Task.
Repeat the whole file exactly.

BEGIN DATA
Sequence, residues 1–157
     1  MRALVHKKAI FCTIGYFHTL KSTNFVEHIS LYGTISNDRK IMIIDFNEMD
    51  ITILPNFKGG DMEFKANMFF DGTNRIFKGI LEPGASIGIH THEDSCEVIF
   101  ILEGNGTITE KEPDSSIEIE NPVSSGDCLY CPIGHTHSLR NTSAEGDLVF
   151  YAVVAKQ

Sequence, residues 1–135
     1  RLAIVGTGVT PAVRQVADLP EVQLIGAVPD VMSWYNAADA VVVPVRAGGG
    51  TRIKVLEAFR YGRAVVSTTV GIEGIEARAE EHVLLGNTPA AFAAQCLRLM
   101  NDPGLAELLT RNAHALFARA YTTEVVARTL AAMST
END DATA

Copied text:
Sequence, residues 1–157
     1  MRALVHKKAI FCTIGYFHTL KSTNFVEHIS LYGTISNDRK IMIIDFNEMD
    51  ITILPNFKGG DMEFKANMFF DGTNRIFKGI LEPGASIGIH THEDSCEVIF
   101  ILEGNGTITE KEPDSSIEIE NPVSSGDCLY CPIGHTHSLR NTSAEGDLVF
   151  YAVVAKQ

Sequence, residues 1–135
     1  RLAIVGTGVT PAVRQVADLP EVQLIGAVPD VMSWYNAADA VVVPVRAGGG
    51  TRIKVLEAFR YGRAVVSTTV GIEGIEARAE EHVLLGNTPA AFAAQCLRLM
   101  NDPGLAELLT RNAHALFARA YTTEVVARTL AAMST